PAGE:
Homestead – the 3 mile camp. It’s a working pastoral station, which offers a wilderness and Australian outback experience like no other. You feel so far away from anything else, no reception, no internet ( unless you use the Gnarloo wifi service of $100 for 500 mb!!!) your out in the middle of the nowhere, with the most pristine coastline at your fingertips, your surrounded by a campground full of other like minded surf enthusiasts, ocean goers and fisherman families. The vibe is all time! Everyone is out for a good time in the ocean, back to basics. Geez it felt great!

It was pretty well set up, almost luxury to have flushing toilets and salt ,bore water showers available out there. There was even a little kiosk for the campers and a big deep freeze if you needed it. Every camp spot faced the ocean and overlooked the beginnings of the Ningaloo reef and the waves that broke along it. In front was a picture perfect lagoon underneath the rocky shelf we sat upon. Once again the sunsets were killer! But what topped this experience, and this view, were the endless flow of migrating humpback whales upon the horizon! By the end of the stay, we stopped pointing the whales out to the kids, they almost became as common as the pesky seagulls! It was pretty incredible!

Pon surfed tombstones for the very first time the day we arrived. It was head high and a perfect left hander peeling of the reef, the water temperature was comfortable. It was semi crowded and he only managed to get a couple of waves but they were one of the best his ever ridden, we were in for a treat!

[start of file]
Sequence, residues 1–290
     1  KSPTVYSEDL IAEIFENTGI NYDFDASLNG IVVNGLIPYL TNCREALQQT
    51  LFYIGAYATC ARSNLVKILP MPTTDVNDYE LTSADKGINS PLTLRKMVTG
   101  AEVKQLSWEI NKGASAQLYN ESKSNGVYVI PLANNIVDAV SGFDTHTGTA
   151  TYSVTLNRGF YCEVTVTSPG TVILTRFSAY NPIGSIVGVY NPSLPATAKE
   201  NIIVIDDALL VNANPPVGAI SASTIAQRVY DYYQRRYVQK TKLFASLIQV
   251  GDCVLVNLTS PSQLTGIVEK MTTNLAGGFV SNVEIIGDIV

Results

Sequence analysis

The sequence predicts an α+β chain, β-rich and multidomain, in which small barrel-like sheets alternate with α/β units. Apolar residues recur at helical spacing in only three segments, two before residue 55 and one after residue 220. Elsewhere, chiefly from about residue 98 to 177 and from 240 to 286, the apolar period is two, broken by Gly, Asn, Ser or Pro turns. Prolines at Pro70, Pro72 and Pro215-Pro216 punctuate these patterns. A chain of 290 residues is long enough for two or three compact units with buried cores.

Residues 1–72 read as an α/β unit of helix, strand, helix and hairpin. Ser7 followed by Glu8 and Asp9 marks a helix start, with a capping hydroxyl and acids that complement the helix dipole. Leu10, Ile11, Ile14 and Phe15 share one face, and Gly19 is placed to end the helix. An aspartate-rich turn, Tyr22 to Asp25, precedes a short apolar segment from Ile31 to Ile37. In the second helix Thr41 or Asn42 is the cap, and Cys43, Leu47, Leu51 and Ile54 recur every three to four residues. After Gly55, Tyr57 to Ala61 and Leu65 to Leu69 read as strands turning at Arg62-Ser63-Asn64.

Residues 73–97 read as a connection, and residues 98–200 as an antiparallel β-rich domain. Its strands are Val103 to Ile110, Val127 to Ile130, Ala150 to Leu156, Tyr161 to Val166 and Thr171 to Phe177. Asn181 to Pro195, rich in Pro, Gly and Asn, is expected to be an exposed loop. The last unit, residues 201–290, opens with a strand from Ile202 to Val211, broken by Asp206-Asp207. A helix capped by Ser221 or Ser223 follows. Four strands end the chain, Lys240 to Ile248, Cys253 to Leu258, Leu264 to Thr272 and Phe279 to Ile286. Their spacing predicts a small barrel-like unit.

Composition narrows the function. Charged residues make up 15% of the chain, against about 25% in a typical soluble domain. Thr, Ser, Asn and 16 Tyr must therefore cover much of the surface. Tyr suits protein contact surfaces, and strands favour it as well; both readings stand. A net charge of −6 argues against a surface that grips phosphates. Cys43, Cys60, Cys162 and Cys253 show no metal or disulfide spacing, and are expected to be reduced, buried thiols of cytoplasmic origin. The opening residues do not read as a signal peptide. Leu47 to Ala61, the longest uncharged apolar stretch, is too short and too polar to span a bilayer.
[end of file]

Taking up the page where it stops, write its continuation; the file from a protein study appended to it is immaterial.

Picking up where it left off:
We met Neil’s late on our arrival day. He was with an old friend of his, Jess who, like Niels, was a mad frother for the waves. They were totally surfed out after being at a beach further south towards Red bluff called Turtle Beach. He assured us it would be good the next day and gave us directions for the 20 something minutes it would take to drive there.. It went something like this … “Just Stick left all the way till you get to a sand dune.. Drive over a broken fence and then over some bigger dunes and you should see our car”

45 minutes later, driving through the baron, desert, station country, over hell corrugations and rock formations over big sand dunes we were feeling stumped! we found a broken fence but surely one you wouldn’t drive over. With Nixon begging us to take the fence on! we came to a boundary fence which meant we had gone to far. We took a turn and pulled back into that area to try the only one other way we hadn’t taken yet to find we had driven over a much flatter broken fence and were on the right sandune!
Over we go and there they were! Woo hoo!

The surf was up and it was only Neil’s and Jess in the water. Pon paddled out and joined them. They scored it to themselves for about 40 minutes before an instant crowd turned up. The waves were solid, quality wegdy waves that thankfully Pon felt comfortable surfing. The boys and I were happy on turtle beach collecting the huge shells and creating our own reef of dry coral. The dunes provided hours of fun for the boys to ride their body boards. Thankfully Raff recovered from his scorpion stack quickly and had sand free eyeballs just a mouthful instead.